Jeff Commings: Well, I think everything you just said is encapsulated in that one race in 1988 at the Olympics Trials, 200 fly. You make the Olympic team, you get second place. Not a lot of people really even expected you to be kind of in that top two. So what was going through your mind in that race that kind of helped you get on the Olympic team?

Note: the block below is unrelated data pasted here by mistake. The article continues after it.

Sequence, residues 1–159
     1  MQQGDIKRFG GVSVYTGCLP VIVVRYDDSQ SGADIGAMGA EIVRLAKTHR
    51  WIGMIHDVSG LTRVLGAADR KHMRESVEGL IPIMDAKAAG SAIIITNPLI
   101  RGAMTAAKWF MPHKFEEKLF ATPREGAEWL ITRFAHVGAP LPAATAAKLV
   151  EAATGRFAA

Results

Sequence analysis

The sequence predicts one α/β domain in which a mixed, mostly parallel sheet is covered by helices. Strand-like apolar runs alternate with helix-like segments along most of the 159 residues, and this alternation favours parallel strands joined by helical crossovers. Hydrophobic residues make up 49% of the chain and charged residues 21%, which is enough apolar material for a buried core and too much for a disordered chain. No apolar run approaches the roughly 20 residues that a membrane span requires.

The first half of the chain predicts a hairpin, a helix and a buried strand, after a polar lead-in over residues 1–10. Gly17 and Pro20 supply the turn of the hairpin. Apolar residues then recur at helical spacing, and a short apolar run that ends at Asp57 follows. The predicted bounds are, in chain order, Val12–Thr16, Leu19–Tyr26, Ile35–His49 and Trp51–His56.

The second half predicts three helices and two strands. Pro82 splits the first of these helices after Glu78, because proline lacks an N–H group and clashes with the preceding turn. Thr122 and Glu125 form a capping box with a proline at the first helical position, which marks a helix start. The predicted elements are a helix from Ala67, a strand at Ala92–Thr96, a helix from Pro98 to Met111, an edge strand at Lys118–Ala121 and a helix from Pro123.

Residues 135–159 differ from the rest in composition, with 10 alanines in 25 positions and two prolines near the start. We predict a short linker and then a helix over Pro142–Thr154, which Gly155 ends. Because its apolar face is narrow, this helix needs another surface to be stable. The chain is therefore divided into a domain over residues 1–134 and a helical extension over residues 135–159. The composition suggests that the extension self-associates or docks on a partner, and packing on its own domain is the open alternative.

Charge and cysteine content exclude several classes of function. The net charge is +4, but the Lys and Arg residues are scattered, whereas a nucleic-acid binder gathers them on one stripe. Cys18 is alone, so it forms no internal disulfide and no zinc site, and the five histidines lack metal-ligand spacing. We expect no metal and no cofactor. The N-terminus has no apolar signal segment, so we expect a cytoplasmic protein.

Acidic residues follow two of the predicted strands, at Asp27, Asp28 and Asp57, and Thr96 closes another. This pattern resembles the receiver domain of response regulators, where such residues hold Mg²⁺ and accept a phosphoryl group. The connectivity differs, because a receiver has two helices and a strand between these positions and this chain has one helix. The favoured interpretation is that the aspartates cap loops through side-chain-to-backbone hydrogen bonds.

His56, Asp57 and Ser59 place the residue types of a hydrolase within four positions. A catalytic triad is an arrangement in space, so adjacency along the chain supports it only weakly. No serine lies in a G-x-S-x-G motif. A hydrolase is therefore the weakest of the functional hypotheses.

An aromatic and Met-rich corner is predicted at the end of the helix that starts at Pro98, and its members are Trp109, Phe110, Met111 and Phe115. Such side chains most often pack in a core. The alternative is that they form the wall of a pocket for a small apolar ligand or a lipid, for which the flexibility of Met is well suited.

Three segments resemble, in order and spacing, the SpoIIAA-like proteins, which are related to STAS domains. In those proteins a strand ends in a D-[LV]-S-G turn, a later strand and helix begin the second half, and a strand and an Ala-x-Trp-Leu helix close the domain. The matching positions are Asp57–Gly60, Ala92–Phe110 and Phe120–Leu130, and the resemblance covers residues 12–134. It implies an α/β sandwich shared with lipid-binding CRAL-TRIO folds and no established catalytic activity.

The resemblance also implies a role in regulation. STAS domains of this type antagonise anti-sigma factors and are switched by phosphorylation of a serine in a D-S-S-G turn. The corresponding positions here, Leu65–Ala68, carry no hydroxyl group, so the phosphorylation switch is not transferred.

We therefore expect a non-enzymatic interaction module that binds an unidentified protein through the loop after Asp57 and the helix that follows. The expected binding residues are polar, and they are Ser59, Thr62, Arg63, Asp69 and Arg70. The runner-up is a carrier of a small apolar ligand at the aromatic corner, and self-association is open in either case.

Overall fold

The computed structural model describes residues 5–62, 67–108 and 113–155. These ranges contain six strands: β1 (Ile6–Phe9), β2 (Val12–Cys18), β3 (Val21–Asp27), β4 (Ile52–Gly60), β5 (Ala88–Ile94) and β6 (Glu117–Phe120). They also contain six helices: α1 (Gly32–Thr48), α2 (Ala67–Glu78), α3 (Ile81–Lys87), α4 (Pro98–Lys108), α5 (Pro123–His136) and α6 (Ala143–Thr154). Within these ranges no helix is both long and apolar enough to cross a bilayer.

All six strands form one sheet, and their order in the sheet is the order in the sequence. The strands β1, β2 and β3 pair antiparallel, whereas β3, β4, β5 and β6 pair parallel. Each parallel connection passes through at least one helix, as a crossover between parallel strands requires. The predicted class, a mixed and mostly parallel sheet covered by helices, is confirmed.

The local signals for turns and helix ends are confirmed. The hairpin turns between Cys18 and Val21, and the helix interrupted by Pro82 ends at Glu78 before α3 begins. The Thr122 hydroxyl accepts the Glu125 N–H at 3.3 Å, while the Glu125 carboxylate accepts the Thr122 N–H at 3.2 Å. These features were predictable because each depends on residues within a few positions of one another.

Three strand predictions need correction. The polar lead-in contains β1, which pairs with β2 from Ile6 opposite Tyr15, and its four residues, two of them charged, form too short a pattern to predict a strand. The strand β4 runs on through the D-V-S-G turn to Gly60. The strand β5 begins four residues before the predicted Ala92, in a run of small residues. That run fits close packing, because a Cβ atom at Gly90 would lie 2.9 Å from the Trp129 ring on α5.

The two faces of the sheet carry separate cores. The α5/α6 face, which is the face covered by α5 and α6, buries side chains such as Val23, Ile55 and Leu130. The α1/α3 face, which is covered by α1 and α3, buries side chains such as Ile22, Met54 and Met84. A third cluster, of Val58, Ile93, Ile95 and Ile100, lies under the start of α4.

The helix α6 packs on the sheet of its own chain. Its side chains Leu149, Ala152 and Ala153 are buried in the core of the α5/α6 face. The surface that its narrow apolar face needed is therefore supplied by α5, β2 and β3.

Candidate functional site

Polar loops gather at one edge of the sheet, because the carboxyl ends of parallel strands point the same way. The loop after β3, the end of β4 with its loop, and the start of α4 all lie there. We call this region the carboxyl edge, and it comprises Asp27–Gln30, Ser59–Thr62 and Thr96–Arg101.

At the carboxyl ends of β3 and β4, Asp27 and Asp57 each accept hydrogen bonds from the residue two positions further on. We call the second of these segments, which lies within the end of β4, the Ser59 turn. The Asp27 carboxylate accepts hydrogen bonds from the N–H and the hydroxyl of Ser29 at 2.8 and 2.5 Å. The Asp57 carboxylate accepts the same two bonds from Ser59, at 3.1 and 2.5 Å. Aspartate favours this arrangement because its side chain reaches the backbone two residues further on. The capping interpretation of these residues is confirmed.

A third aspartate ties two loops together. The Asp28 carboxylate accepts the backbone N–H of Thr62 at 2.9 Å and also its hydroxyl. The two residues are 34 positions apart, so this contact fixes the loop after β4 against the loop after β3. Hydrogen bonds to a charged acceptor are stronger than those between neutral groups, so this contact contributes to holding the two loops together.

Trina Radke: Well, it's very interesting. Up until then I had always been doing the 200 meter freestyle. And if you remember, back then there was no semifinals and I would tend to be — you know, I was coming from Coach Silver's program. We trained very, very hard, and some people called it overtraining. And so we often did better and better as the meet went along. And so we would have loved to have a semifinal format. So in the morning of the 200 meter freestyle I actually got tenth place, I believe, if I remember correctly, and in which other words, did not make it back to top eight and not even making the team in the 200 meter freestyle. And I was, like, oh my gosh, I didn't make it in my best event, now what? And I remember sitting in my hotel room. I had a few days. I swam a 400 freestyle and 100 butterfly as well, but 200 fly was my other best shot. And, as you know, Mary T. Meagher was still swimming, the world record holder and she was way ahead of everybody in her time. And there was about five or six other people in the heat that were either NCAA champions or national champions. And up until then I had not really done the 200 meter butterfly on the national stage. And so I was not known in that event. And so — but I was determined, if I didn't make it in one event, I want to still have a chance to get a slow career for the Olympics. And so in the morning I was just, like, I'm gonna let it all go and just give my best effort. That's all I can do and not get too attached to the outcome. And, luckily, I was fourth after the morning and then going into the nighttime I actually remember walking out. I used to have this little thing I used to do. I say A is for aggressive, B is for bionic, C is for competitive, D is for dynamic, and I just go through the alphabet. It was a way for me to just be in my own little world. Because one thing, as you know, when you behind the blocks, especially at the big meet, there's all the announcements of each person's accolades and it's easy, if you're not careful, to get distracted by those or get distracted by what competitors are doing or not doing or what you see in the audience. And so to be in my own little space, having a little rhythm in my head, listening to some music, and then also being in a place where I could just be in my little zone behind the block. And so that was the biggest thing. And then once I got in the race, I remember having a moment. You know, how we all have those moments sometimes where you alternately have your — you go, wow, that was a big, big potential moment where — maybe in practice or in the weight room or it could be on the — you know, in a race. So in that race I remember, I got to the 100 meter mark and I was actually in last place. And I was — I knew I was not in the lead by any means but I also knew I needed to go on if I was gonna have a chance. And so the third length, I remember having a thought, like, I need — you know, I really kicked it into gear, especially, you know, halfway down the pool and then the last 15 I, you know, just really kicked it home. And luckily, at the last 15 meters I didn't breathe in to the wall and I was fortunate enough. I think there was about three — or pretty close at the 50 meter mark. And then coming in to the finish, obviously, I was able to get second to Mary T. and make the Olympic team. That's the one meet where you — it's okay to get second and feel really good about it.